The forces of nature have once again struck in one of the poorest areas of Latin America. An earthquake measuring 7.8 on the Richter scale ripped through a large part of Ecuador on Saturday night, causing a tragedy that is still hard to quantify. At least 413 have been killed and between 70,000 and 100,000 need some kind of assistance due to the tragedy, according to the latest figures.
On Sunday, rescue teams were yet to reach some of the worst-affected areas. “I fear that the death toll will rise considerably,” said the Ecuadorian President Rafael Correa at the weekend, adding that there are still many bodies to be pulled from the rubble.
The European Union has announced that it will be sending a million euros’ worth of urgent aide to help the victims.
It was 6.58pm when the ground began to shake in the northwest of the country, in the coastal province of Esmeraldas, on the border with the south of Colombia. The quake, the worst in the last three decades in Ecuador, was felt across the whole country. The epicentre was in the Pacific Ocean, at a depth of 20 kilometers – 28 kilometers from the Ecuadorian coast and 173 kilometers from the capital, Quito.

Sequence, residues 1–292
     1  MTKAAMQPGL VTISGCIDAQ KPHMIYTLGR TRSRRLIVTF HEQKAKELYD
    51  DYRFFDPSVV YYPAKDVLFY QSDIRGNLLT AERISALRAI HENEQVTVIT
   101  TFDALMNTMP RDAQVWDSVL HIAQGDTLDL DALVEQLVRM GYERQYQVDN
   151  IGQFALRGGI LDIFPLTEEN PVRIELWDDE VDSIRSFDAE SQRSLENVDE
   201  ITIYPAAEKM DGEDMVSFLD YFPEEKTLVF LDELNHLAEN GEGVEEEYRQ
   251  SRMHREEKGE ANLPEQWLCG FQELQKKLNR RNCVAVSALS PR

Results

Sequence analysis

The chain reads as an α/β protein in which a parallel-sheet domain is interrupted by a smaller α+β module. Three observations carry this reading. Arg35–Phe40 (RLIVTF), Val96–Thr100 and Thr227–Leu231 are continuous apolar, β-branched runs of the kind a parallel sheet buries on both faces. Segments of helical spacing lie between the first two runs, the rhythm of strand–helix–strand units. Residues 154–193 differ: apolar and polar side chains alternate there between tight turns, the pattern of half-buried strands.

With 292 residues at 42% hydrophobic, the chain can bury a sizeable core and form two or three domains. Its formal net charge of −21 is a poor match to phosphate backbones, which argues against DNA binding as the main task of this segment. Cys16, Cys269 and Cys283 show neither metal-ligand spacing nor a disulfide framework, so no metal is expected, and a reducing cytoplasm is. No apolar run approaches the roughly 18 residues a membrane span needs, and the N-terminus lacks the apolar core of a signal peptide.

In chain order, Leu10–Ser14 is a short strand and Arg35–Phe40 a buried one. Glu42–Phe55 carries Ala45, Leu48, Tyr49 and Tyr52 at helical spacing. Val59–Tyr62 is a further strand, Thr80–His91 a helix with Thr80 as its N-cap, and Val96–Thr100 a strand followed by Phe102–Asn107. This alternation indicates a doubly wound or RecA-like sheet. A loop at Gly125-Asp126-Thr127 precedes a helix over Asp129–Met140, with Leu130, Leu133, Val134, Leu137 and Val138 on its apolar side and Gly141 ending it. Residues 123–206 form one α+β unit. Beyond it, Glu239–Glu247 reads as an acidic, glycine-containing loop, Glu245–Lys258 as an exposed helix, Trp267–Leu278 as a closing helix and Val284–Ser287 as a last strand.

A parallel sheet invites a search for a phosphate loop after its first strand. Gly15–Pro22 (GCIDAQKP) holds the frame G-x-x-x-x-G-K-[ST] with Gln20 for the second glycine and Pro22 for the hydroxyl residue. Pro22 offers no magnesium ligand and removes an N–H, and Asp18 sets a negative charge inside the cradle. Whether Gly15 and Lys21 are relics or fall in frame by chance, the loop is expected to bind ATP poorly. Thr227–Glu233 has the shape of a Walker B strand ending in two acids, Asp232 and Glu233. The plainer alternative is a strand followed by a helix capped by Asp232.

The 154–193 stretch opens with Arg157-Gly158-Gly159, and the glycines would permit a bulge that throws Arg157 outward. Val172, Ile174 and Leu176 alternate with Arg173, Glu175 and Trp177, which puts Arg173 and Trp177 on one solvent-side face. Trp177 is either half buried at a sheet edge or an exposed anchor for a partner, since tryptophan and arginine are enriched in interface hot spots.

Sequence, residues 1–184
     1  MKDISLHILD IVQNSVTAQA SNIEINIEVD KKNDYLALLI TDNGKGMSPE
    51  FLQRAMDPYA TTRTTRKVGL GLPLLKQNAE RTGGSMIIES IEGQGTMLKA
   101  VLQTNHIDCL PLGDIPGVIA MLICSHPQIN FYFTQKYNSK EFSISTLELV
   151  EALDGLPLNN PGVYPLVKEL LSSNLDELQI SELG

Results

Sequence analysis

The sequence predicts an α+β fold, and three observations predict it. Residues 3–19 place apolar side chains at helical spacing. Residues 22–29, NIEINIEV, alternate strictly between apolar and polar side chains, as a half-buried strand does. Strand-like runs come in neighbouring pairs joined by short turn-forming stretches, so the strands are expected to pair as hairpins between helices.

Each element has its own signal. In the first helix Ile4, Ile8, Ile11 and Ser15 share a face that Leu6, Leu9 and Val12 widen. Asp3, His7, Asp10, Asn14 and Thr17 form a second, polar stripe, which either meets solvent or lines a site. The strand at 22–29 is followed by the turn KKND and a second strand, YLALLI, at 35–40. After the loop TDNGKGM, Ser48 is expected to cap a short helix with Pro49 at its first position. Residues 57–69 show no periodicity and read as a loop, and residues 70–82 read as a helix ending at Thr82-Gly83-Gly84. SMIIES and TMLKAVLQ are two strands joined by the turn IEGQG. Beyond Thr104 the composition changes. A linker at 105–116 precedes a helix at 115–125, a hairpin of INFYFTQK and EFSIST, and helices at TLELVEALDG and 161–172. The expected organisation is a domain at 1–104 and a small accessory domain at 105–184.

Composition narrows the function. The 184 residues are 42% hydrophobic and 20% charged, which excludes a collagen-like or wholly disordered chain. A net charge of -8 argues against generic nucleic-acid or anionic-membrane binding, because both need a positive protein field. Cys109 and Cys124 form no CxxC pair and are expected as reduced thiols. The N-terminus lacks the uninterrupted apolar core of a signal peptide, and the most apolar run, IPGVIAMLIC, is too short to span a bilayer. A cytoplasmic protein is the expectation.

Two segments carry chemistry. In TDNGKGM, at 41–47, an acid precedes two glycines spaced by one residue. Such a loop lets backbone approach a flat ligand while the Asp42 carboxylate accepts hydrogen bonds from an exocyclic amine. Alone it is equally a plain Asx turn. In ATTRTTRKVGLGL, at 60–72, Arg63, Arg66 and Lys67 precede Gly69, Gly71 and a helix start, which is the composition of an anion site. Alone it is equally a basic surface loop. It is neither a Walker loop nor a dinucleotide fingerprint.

There have been nearly 230 aftershocks since, some as strong as 6.1 on the Richter scale. The tremors are likely to continue for the next three days. The earthquake is one of the worst that Latin America has seen in the last decade, after Peru in 2007 (nearly 600 dead) and in Chile in 2010 (more than 150 victims).
President Correa cut short an official visit to the Vatican when the earthquake struck, arriving back in his country on Sunday afternoon. “The tragedy is huge, the pain is huge,” the leader said, visibly moved.
Correa announced that 10,000 military personnel and 4,600 police officers had been mobilized. The state has allotted $300 million for the emergency, while Correa announced that the government has a credit line of $600 million from bodies such as the World Bank and the Inter-American Development Bank.
The international community announced its solidarity and immediate support for Ecuador. Some neighboring countries, such as Venezuela and Colombia, were the first to send assistance. Correa thanked world leaders, including Spain’s Prime Minister Mariano Rajoy, for their phone calls of support.
English version by Simon Hunter.